Lahontan Audubon Society is partnering with the Great Basin Bird Observatory on an exciting community science project to advance our knowledge of this unique species. Join us for our upcoming free monthly meeting where you will learn all about the natural history of Pinyon Jays and how you can support conservation efforts. To register for the member meeting click below.
For more information about Pinyon Jays and to hear recordings of their call, please visit the Audubon Field Guide entry below:
" 'Tis the season" for the 2021 Christmas Bird Count. Our chapter does not run the Christmas Bird Counts ourselves, they are run independently by Bird Count Compilers. However, we happily promote the upcoming counts happening in the Northern Nevada and Tahoe region. Counts are listed below, and also listed on our website calendar. If you would like to participate in a count, please contact the count leader first. Check back in to this list regularly, as we will be adding more information about CBC counts as we hear from more leaders.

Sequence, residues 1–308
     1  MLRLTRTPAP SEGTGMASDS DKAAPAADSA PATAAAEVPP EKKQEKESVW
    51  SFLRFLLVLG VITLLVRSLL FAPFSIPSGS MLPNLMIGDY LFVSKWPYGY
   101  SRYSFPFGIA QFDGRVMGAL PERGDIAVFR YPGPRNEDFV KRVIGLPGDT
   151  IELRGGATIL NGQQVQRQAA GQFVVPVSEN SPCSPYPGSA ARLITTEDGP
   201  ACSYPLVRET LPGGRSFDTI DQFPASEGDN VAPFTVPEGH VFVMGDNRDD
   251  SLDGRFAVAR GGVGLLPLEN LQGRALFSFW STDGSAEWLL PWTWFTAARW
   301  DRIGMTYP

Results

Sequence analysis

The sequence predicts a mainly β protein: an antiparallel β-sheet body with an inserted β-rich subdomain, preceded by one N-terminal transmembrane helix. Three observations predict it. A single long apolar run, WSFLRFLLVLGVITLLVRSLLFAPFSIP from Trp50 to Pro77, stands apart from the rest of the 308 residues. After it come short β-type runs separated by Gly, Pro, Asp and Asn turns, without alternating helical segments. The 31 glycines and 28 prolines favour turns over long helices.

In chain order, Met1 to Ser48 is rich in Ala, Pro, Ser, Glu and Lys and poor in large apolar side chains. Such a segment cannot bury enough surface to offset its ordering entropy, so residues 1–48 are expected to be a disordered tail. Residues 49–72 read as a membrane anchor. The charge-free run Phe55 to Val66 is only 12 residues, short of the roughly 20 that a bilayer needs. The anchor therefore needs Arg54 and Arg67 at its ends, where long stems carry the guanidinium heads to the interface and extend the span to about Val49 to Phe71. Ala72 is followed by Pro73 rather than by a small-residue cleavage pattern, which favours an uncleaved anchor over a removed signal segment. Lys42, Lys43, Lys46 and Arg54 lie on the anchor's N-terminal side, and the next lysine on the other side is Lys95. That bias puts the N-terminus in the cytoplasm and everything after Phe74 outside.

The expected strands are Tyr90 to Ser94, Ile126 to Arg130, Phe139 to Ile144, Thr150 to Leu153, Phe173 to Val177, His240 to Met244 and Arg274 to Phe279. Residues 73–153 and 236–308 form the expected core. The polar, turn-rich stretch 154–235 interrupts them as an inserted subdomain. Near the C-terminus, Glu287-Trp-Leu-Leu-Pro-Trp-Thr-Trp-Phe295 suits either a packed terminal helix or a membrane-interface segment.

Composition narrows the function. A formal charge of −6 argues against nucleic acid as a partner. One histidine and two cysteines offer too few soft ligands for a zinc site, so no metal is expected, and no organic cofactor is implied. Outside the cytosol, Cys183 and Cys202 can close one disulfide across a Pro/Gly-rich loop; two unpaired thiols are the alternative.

Contact Dave McNinch (775) 747-7545; Email David
Snake Valley (Baker, NV)
Contact Gretchen Baker (435)406-1041; Email Gretchen
South Lake Tahoe
Contact Will Richardson, (775)298-0065; Email Will.
Click here to register for the count
Contact Lois Ports, through Bristlecone Audubon; Email Lois
Truckee Meadows (Reno/Sparks)
Contact Dave McNinch (775) 747-7545; Email David
Contact Roy Morris (775) 623-1562; Email Roy
January 1st, 2022
Contact Dennis Serdehely (775)771-1575; Email Dennis
This count has been closed to the public due to pandemic safety concerns.
This CBC was cancelled for the 2021 year.
As always, click below to see our calendar with a complete day-by-day list of all our events.